Regentis Biomaterials’ knee cartilage repair technology shows impressive recovery rates

16 September 2013 (Last Updated September 16th, 2013 18:30)

Regentis Biomaterials, a tissue repair company, has announced new clinical data demonstrating the efficacy and safety of its GelrinC implant, designed for the treatment of articular cartilage in injured knees.

Regentis Biomaterials, a tissue repair company, has announced new clinical data demonstrating the efficacy and safety of its GelrinC implant, designed for the treatment of articular cartilage in injured knees.

The biodegradable hydrogel implant is inserted as a liquid to fill any form of cartilage defect and it is then converted into a solid after 90 seconds of exposure to ultra-violet light.

The GelrinC implant will be replaced with functional and durable cartilage following its natural degradation within 6-12 months.

According to study investigator Dr Ron Arbel, GelrinC works in combination with the microfracture procedure to greatly enhance the body's ability to regenerate new cartilage so that patients can return to an active lifestyle.

There was a substantial improvement of the knee injury and osteoarthritis outcome score (KOOS) after two years of study.

KOOS is a patient-reported outcome measurement instrument designed to assess a patient's opinion about their knee and associated problems.

"While recovery rates for knees treated with standard procedures plateau and even decrease over time, GelrinC patients showed constant improvement over the course of the study."

The clinical results were found to be fruitful compared with existing standard procedures, such as micro fractures, which increase the flow of blood and bone marrow stem cells to the damaged area.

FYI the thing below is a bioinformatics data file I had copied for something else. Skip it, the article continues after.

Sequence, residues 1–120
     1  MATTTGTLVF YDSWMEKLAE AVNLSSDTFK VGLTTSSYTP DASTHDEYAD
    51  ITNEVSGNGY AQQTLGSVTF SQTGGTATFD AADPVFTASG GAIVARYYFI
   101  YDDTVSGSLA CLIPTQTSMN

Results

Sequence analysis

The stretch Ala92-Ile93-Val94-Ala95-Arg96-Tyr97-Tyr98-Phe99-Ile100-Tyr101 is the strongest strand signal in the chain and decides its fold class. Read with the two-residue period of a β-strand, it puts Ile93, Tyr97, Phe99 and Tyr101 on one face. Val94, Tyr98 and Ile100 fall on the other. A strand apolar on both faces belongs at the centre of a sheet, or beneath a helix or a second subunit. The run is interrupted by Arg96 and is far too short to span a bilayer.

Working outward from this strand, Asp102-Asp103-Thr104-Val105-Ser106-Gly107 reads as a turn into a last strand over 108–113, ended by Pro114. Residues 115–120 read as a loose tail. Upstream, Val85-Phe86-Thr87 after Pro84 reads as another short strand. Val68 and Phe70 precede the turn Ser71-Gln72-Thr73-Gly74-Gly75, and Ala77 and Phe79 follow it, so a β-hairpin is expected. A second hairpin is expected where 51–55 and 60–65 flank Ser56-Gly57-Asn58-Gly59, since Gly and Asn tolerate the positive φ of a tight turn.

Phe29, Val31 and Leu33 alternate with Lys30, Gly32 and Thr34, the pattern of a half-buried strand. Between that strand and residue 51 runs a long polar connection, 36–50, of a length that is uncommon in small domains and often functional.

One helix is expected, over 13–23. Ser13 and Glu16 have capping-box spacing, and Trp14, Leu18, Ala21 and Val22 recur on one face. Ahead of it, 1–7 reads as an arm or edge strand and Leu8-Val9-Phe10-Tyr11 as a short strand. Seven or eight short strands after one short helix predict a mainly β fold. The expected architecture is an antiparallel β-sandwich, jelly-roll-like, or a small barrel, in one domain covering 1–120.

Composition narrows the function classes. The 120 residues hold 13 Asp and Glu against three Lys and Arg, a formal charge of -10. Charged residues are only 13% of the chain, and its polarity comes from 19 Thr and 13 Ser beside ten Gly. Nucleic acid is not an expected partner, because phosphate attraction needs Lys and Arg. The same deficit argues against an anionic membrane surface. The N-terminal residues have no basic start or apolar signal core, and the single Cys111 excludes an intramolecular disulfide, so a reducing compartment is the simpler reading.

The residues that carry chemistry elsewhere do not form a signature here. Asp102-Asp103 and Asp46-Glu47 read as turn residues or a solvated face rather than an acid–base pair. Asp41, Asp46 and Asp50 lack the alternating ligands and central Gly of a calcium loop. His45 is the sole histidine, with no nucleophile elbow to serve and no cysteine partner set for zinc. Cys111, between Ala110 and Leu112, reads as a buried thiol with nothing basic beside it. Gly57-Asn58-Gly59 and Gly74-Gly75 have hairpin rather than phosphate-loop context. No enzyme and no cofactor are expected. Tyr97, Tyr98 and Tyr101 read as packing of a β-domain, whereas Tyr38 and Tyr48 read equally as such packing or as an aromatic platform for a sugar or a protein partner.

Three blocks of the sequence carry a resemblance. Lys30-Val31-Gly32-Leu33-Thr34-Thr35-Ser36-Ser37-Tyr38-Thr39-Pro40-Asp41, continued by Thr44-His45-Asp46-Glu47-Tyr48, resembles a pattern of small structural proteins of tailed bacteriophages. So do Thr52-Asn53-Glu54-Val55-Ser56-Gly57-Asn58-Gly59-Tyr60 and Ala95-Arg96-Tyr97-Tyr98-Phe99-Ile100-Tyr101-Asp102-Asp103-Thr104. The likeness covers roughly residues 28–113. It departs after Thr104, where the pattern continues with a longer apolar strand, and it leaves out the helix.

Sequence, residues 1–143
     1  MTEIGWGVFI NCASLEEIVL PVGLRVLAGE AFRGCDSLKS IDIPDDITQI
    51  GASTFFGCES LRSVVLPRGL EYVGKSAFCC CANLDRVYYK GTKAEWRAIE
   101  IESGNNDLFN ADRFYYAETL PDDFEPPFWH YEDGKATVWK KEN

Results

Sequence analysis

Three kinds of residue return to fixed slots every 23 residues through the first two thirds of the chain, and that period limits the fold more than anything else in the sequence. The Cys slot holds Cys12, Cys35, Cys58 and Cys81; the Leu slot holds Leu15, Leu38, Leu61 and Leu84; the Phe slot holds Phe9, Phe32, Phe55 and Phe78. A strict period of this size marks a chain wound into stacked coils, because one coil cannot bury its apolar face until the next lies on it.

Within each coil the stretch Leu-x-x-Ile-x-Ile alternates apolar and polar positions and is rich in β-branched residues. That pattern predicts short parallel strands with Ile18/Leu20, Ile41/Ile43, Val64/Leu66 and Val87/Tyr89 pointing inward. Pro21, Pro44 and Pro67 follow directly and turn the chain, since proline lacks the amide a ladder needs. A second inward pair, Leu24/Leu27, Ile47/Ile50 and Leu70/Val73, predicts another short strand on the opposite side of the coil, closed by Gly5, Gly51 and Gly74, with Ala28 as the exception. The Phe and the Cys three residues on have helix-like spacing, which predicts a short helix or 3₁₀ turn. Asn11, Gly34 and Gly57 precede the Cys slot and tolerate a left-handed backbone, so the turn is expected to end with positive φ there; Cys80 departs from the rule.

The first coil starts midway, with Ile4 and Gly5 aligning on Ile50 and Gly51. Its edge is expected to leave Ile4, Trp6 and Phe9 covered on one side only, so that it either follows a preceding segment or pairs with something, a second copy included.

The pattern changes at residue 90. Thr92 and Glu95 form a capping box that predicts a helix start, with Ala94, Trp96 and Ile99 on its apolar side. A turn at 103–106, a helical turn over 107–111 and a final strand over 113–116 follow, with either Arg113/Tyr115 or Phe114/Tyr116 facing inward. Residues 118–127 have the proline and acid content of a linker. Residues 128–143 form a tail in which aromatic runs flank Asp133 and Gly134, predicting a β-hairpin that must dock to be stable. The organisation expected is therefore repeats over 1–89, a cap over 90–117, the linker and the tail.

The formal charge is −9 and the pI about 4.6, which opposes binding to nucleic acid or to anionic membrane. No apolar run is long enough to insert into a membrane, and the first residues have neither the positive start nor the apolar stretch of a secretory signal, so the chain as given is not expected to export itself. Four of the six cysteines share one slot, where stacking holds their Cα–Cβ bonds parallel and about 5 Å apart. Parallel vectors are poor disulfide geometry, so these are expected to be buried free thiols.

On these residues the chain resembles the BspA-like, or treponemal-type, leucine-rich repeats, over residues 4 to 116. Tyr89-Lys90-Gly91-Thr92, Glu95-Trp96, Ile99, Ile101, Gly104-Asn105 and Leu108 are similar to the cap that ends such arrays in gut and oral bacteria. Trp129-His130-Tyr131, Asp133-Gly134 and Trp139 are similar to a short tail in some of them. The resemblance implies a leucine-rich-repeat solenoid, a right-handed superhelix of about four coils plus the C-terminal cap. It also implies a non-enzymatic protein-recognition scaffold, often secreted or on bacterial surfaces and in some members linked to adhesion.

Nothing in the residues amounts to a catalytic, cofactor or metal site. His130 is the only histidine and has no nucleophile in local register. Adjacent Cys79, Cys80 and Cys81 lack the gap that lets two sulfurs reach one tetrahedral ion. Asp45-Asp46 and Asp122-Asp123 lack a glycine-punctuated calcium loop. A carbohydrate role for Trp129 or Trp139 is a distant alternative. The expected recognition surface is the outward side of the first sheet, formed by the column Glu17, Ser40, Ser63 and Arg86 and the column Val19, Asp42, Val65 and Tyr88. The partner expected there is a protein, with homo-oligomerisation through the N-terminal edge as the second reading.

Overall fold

In addition, the MRI evaluations coupled with combined morphologic and biochemical assessment also supported the safety and effectiveness of GelrinC implant.

Regentis Biomaterials president and CEO Alastair Clemow said these results show that GelrinC is safe and that the treatment effectively regenerates high-quality cartilage.

"While recovery rates for knees treated with standard procedures plateau and even decrease over time, GelrinC patients showed constant improvement over the course of the study," Clemow said.

The clinical results were reported from a single-arm, multi-centre study that involved 23 patients in Europe and Israel.

The study reported limited adverse effects compared with those found in similar studies, with no serious adverse events related to the implant.

Currently, the study also enrolled an additional 30 patients at 12 new sites in Germany, Belgium, Poland, the Netherlands and Israel.

In March 2013, the company obtained CE mark approval for GelrinC biodegradable implant, which is currently an investigational device and not available for sale in the US and Israel.